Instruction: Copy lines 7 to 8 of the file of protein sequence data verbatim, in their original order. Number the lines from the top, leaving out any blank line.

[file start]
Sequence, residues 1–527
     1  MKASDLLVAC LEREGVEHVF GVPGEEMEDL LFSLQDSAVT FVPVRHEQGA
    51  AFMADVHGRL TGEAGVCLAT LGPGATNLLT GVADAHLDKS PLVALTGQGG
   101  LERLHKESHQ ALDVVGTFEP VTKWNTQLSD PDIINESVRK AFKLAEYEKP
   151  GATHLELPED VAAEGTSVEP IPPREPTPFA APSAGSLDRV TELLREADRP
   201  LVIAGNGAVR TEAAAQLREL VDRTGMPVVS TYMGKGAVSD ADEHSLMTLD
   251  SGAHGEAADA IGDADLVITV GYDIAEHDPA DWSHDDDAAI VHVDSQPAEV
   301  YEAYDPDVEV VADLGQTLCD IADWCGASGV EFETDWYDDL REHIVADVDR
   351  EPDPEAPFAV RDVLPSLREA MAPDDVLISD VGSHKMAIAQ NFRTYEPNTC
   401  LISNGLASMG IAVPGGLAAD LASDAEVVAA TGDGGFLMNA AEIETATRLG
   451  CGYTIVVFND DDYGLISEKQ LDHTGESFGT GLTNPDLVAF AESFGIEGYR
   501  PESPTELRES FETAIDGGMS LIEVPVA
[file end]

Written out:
   251  SGAHGEAADA IGDADLVITV GYDIAEHDPA DWSHDDDAAI VHVDSQPAEV
   301  YEAYDPDVEV VADLGQTLCD IADWCGASGV EFETDWYDDL REHIVADVDR